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$100 million gift to Notre Dame University from alumni couple launches unprecedented effort to fight poverty
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$100 million gift to Notre Dame University from alumni couple launches unprecedented effort to fight poverty

The University of Notre Dame is launching a bold new Poverty Initiative to develop and advance innovative solutions to help vulnerable populations and to train a new generation of leaders committed to the fight against poverty.

The lead gift of $100 million came from a couple who asked not to be named here for privacy reasons.

Every day, poverty stifles hope, opportunity, and dignity for 700 million people worldwide, including 37 million Americans. Despite well-intentioned policies and programs, too little is known about how to break poverty’s vicious generational cycle. The Poverty Initiative, part of Notre Dame’s new strategic framework, is poised to change that.

“Notre Dame’s Catholic mission gives a distinctive orientation to all we do, including our research, and nothing reflects that mission more powerfully than the Poverty Initiative, which will study and combat the causes and consequences of poverty,” said University President Rev. John I. Jenkins, C.S.C. “I believe Notre Dame is uniquely positioned to make a meaningful difference in the lives of people burdened by poverty.”

The Notre Dame Poverty Initiative is supported by an alumni couple’s lead gift of $100 million — the largest single donation to an academic priority in the University’s history.

“This extraordinary gift is a signal of the confidence our benefactors have in Notre Dame’s capacity to address the root causes of poverty and advance evidence-based, dignity-affirming solutions in partnership with service providers, policymakers, philanthropists and practitioners,” said John T. McGreevy, the Charles and Jill Fischer Provost.

“We are honored by their trust in us and excited about Notre Dame’s ability to transform lives through this important work.”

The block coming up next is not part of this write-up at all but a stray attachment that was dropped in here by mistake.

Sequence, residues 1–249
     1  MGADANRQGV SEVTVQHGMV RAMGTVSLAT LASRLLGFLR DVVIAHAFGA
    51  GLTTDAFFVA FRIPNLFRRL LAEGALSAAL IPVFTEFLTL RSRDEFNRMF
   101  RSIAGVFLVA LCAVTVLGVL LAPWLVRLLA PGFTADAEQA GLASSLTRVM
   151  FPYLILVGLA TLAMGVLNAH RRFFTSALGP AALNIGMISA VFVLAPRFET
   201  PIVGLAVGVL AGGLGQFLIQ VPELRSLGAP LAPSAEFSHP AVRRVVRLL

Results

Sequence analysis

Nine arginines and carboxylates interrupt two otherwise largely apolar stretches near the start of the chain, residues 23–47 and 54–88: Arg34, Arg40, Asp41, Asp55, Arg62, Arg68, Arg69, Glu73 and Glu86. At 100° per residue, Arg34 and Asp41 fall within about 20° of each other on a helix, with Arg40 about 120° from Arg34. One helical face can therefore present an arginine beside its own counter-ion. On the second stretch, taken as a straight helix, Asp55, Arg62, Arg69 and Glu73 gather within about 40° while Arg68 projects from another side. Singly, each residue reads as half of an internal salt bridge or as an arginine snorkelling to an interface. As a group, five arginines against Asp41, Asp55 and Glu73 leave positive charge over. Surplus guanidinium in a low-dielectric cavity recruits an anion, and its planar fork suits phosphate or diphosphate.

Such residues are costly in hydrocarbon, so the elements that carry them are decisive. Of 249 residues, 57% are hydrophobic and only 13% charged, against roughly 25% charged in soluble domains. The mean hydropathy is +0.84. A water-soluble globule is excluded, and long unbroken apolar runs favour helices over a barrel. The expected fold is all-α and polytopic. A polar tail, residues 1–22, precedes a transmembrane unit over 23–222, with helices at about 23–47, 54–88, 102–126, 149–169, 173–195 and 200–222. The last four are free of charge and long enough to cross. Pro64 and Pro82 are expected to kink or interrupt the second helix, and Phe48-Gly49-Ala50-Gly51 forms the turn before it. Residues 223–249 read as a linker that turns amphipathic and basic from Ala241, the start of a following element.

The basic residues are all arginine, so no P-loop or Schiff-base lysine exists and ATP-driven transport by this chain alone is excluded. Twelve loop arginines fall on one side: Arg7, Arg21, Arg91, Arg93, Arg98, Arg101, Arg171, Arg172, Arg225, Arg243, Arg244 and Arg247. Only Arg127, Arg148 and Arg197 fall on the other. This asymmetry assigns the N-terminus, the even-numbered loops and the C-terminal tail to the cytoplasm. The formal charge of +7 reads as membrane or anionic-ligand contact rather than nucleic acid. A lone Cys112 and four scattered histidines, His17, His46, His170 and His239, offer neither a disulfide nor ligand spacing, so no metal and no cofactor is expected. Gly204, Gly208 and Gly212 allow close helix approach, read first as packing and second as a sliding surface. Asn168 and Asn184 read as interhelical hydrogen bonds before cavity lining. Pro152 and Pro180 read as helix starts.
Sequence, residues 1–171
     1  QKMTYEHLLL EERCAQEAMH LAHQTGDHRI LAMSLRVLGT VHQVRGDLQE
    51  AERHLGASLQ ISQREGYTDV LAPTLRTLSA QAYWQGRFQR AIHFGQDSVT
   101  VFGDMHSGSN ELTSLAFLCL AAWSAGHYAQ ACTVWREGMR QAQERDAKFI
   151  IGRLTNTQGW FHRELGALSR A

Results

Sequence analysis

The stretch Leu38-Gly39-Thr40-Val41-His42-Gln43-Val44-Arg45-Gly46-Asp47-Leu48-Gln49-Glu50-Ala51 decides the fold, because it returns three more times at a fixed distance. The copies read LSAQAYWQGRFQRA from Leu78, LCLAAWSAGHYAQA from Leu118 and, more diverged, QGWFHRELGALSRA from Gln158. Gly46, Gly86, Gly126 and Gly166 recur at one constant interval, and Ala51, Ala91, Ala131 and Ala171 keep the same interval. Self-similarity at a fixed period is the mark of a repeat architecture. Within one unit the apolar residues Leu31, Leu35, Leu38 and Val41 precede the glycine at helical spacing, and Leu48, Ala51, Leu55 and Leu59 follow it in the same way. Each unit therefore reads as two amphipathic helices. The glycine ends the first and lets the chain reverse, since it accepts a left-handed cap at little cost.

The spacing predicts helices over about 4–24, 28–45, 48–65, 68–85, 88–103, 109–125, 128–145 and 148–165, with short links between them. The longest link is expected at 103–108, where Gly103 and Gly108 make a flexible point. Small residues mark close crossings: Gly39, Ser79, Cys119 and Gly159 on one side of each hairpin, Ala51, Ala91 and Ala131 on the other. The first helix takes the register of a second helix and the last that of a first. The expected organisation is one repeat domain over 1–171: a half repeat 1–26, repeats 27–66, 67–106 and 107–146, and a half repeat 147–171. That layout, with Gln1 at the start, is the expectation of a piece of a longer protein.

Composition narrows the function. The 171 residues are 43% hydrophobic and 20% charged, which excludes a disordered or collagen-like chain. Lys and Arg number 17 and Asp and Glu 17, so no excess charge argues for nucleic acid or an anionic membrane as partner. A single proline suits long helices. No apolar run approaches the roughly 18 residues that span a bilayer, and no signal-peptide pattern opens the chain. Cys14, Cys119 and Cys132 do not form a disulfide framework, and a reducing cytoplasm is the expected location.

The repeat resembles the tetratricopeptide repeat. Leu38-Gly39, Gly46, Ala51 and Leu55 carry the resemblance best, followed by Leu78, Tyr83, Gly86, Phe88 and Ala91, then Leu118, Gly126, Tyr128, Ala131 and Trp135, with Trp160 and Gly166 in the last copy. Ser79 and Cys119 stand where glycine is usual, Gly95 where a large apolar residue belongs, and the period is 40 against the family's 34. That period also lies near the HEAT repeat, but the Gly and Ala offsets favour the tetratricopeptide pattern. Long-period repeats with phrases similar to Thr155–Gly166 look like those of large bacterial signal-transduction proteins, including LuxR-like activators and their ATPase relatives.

Led by economist Jim Sullivan, the Notre Dame Poverty Initiative will establish the University as a leading institution for poverty research, prepare students for careers and service in antipoverty efforts, and turn evidence into action, illuminating proven pathways out of poverty for people around the world.

Through the work of the Wilson Sheehan Lab for Economic Opportunities (LEO) in the College of Arts and Letters and the Pulte Institute for Global Development at the Keough School of Global Affairs, Notre Dame has already established a record of success by combining world-class research expertise with deep local knowledge and insights. Over the past decade, LEO and Pulte have built a foundation of strong partnerships with service providers and practitioners around the world and across the country, including Goodwill Industries, Catholic Charities USA, Catholic Relief Services and the U.S. Agency for International Development (USAID).

The new Poverty Initiative will unify efforts across LEO and Pulte, fueling an innovative local-to-global approach. It will also establish stronger connections between the many departments, organizations, programs, faculty and students across the University who are committed to alleviating poverty, including the Center for Social Concerns and the Building Inclusive Growth Lab.

The Notre Dame Poverty Initiative will direct its work toward three areas:

Research: By recruiting leading scholars and investing in innovative research programs, the Poverty Initiative will support research that responds to the most pressing issues confronting people in poverty and that holds promise to inform policy, philanthropy and practice.

Student formation: The Poverty Initiative will invest in programming focused on student formation, including curriculum development and new research and experiential learning opportunities for both undergraduates and graduate students. It is committed to forming graduates prepared to address the challenges of poverty in their professional and personal lives.

Impact: Making measurable impact in alleviating poverty depends on translating research to action. The Poverty Initiative will engage with partners in government and the nonprofit and corporate sectors to replicate proven programs.

“As both an alum and a Notre Dame faculty member for over two decades, I have never been more excited to be a part of this institution,” said Sullivan, a professor of economics who directs both the Poverty Initiative and LEO, which he co-founded.

“This gift will ensure that Notre Dame is the place where undergraduate and graduate students come to study poverty, where prominent faculty come to conduct poverty-related research and where policymakers, philanthropists, practitioners and providers look to discover new pathways to break the cycle of poverty. The Poverty Initiative exemplifies Notre Dame’s mission to be a force for good in a world deeply in need.”


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